[Numpy-discussion] Handling interrupts in NumPy extensions
david at ar.media.kyoto-u.ac.jp
Fri Aug 25 05:12:57 CDT 2006
Travis Oliphant wrote:
> David Cournapeau wrote:
>> By the way, I tried something for python.thread + signals. This is posix
>> specific, and it works as expected on linux:
> Am I right that this could this be accomplished simply by throwing away
> all the interrupt handling stuff in the code and checking for
> PyOS_InterruptOccurred() in the place where you check for the global
> variable that your signal handler uses? Your signal handler does
> essentially what Python's signal handler already does, if I'm not mistaken.
I don't know how the python signal handler works, but I believe it should do
more or less the same, indeed. The key idea is that it is important to mask
other signals related to interrupting. To have a relatively clear view
on this, if you have not seen it, you may take a look at the gnu C doc
on signal handling:
After having given some thought, I am wondering about what exactly we
are trying to do:
- the main problem is to be able to interrupt some which may take a
long time to compute, without corrupting the whole python process.
- for that, those function need to be able to trap the usual signals
corresponding to interrupt (SIGINT, etc... on Unix, equivalents on windows).
There are two ways to handle a signal:
- check regularly some global (that is, global to the whole process)
value, and if change this value if a signal is trapped. That's the
easier way, but this is not thread safe as I first thought (I will code
an example if I have time).
- the signal handler jumps to an other point of the program where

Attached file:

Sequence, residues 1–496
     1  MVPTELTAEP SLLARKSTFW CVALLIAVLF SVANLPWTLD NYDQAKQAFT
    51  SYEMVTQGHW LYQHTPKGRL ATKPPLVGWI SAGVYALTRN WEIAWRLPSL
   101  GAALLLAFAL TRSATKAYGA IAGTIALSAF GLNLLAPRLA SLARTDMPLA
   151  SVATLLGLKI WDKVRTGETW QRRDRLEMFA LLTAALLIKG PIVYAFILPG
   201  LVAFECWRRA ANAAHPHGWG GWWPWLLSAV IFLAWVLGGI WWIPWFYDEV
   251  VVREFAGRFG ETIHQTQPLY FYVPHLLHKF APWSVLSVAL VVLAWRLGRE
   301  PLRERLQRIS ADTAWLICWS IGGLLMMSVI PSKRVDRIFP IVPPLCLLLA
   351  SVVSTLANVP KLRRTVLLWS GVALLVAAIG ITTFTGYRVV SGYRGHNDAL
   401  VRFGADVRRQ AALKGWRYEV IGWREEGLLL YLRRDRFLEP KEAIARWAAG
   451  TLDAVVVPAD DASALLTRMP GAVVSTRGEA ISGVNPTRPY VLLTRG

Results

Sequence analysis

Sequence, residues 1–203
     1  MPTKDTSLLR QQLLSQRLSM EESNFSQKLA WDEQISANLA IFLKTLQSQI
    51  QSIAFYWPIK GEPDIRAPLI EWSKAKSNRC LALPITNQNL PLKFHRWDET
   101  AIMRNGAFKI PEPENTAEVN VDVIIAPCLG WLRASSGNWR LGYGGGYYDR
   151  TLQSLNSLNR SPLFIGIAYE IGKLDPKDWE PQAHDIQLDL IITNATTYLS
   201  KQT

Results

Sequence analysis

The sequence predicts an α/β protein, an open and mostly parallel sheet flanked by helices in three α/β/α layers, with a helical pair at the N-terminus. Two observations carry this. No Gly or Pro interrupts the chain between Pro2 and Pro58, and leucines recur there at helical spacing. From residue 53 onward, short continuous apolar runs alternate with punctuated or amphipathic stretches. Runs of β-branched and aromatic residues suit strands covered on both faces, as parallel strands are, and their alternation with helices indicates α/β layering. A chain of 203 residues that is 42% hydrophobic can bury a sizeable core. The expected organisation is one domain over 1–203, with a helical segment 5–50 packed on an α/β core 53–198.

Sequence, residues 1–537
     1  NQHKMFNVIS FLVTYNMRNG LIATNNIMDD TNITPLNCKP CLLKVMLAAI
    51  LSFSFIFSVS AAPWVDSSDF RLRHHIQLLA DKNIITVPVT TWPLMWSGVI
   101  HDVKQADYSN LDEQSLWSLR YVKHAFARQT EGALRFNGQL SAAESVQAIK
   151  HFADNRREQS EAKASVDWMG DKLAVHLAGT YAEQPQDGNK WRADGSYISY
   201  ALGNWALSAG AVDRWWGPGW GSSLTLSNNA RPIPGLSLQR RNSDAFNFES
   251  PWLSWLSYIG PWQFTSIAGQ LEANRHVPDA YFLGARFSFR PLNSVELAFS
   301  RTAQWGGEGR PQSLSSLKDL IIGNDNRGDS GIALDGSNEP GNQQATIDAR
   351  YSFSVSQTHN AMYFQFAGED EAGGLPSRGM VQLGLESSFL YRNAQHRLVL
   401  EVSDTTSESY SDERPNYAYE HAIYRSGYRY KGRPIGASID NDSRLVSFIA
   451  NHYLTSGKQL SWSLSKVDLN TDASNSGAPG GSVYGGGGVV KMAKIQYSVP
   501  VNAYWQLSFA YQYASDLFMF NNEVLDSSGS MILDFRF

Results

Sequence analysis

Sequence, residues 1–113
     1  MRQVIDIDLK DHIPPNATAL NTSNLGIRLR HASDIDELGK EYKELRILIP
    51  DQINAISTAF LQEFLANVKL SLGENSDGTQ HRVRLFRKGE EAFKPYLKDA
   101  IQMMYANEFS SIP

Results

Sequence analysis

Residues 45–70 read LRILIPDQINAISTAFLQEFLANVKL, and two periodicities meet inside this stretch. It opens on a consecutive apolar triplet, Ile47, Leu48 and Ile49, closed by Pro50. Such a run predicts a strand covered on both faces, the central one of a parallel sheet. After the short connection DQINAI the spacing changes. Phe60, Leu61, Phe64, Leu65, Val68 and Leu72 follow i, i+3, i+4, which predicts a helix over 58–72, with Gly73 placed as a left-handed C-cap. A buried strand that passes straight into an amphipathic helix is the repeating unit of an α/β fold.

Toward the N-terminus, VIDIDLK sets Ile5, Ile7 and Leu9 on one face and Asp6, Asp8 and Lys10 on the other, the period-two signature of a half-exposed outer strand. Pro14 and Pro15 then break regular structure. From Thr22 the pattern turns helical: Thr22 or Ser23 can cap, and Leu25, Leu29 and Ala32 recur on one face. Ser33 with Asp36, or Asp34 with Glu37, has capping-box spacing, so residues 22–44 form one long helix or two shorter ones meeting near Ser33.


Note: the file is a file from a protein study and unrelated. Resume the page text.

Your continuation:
cleaning is done: this is more complicated, and I am not sure we need
the complication (I have never used this scheme, so I may just miss the
point totally). I don't even want to think how it works in
multi-threading environment :)
Now, the threading issue came in, and I am not sure why we need to care:
this is a problem if numpy is implemented in a multi-thread way, but I
don't believe it to be the case, right ? An other solution, which is
used I think in more sophisticated programs, is having one thread with
high priority, which only job is to detect signals, and to mask all
signals in all other threads. Again, this seems overkill (and highly
non portable) ? And this should be the python interpreter job, no ?
Actually, as this is a generic problem for any python extension code,
other really smart people should have thought about that... If I am
interpreting correctly what is said here
http://docs.python.org/lib/module-signal.html, I believe that what you
suggest (using PyOS_InterruptOccurred() at some points) is what shall be
done: the python interpreter is making sure that the signal is send to
the main thread, that is the thread where numpy is executed (that's my
understanding on the way python interpreter works, not a fact).
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